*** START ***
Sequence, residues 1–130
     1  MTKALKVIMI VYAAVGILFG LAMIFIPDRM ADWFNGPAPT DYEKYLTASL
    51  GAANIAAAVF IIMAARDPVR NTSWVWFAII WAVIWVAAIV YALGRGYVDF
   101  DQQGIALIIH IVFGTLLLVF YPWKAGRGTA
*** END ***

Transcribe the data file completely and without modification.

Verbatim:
Sequence, residues 1–130
     1  MTKALKVIMI VYAAVGILFG LAMIFIPDRM ADWFNGPAPT DYEKYLTASL
    51  GAANIAAAVF IIMAARDPVR NTSWVWFAII WAVIWVAAIV YALGRGYVDF
   101  DQQGIALIIH IVFGTLLLVF YPWKAGRGTA